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Remarks to the National Character & Leadership Symposium, United States Air Force Academy
As Delivered by Deputy Secretary of Defense John J. Hamre , United States Air Force Academy, Colorado, Thursday, March 04, 1999

I do appreciate being invited to this enormously important event and conference that you are hosting. Your theme this year is "Integrity First." You have had a very interesting cross section of presentations, and I would venture to say that most of them are probably focusing on the notion of integrity as a personal code of values and how one lives.

There's actually another definition for the word integrity: a state of unimpaired soundness. It's probably used often in your engineering classes. In the lexicon of an engineer, integrity refers to the overall design of a structure, the constituent elements of a structure and how well they interrelate. If there's failure in one of the components of the structure, it basically represents the failure of the integrity of the structure.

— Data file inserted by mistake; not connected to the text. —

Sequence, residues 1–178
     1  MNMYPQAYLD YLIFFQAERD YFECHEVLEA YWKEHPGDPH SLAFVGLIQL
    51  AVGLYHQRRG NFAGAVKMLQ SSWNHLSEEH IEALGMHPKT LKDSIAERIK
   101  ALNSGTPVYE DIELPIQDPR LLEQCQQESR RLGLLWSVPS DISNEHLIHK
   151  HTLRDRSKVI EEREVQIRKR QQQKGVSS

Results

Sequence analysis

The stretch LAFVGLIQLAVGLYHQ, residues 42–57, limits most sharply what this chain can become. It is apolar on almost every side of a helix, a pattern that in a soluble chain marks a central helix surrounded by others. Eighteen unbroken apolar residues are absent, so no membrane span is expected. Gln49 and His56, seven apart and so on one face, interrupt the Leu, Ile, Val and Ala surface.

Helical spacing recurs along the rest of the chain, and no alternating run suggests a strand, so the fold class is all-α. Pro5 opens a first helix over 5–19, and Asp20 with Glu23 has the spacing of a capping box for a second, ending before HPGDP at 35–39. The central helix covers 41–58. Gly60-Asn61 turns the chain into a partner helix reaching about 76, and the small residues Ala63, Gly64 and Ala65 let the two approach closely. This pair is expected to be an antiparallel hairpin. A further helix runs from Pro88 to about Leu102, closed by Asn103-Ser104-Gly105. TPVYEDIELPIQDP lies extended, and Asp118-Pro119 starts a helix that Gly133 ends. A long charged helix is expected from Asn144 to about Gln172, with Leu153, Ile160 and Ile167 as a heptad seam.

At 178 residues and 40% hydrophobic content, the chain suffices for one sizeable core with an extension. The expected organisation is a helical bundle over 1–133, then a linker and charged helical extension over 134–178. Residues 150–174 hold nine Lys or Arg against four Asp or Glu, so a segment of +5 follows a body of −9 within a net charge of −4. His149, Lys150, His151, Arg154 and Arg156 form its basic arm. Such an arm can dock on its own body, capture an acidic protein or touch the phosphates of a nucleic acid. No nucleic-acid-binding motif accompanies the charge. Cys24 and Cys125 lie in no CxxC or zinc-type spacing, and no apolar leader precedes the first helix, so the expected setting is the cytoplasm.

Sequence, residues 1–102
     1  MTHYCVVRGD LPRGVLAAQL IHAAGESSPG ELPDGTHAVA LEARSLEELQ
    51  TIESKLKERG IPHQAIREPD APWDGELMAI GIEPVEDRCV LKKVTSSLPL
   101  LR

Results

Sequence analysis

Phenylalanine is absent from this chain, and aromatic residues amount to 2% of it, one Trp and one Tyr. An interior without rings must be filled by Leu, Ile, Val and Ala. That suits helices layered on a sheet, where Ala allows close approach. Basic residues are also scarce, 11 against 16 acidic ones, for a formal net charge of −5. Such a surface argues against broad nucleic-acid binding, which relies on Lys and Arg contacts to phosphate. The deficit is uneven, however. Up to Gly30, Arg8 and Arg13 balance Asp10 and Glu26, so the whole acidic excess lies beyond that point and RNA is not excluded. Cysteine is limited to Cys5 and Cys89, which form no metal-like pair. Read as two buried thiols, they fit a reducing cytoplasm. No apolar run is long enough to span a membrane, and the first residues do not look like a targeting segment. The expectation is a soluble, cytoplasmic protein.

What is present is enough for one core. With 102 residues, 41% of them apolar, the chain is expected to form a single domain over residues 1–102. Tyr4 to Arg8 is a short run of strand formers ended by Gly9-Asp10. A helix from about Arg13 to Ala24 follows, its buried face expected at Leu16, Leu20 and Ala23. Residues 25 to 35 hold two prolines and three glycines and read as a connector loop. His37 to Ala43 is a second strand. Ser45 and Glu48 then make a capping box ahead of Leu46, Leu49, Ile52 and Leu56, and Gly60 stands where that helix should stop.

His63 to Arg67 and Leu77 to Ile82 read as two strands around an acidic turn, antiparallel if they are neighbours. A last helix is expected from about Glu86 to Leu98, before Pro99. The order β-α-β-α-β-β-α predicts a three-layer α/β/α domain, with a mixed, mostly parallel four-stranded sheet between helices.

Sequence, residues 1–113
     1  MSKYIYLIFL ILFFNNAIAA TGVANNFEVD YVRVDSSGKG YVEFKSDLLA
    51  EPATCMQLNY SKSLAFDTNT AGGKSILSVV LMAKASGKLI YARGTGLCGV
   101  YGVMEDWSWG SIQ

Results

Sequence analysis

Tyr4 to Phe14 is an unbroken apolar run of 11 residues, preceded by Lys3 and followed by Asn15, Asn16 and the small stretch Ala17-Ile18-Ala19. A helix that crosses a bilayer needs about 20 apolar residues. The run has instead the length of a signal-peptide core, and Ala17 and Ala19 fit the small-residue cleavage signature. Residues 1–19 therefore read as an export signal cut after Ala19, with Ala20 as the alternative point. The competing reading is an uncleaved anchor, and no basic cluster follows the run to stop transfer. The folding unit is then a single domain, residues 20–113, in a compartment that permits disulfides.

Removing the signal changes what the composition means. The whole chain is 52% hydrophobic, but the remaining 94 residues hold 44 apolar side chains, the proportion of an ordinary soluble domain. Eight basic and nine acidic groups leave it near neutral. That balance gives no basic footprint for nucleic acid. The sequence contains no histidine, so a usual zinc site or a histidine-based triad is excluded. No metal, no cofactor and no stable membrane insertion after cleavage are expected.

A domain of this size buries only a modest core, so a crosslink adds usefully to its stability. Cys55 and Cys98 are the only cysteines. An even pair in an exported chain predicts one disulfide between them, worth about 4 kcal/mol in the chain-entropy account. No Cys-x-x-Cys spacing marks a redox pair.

Engineers and ethicists therefore have a very different concept in mind when they talk about integrity. Tonight, I'd like to talk to you more from the perspective of the engineer than from the perspective of the ethicist, and to talk to you about the structure of American democracy.

Any discussion on the structure of American democracy must start at the starting point of the American political experience, the American Revolution. American history, of course, goes back a good deal further that. Most of those who were at the Constitutional Congress when the Declaration of Independence was signed in 1776 were actually third and fourth generation Americans. They had been in the United States, then American colonies, for several scores of years. Harvard University, for example, had its 125th anniversary before the Declaration of Independence.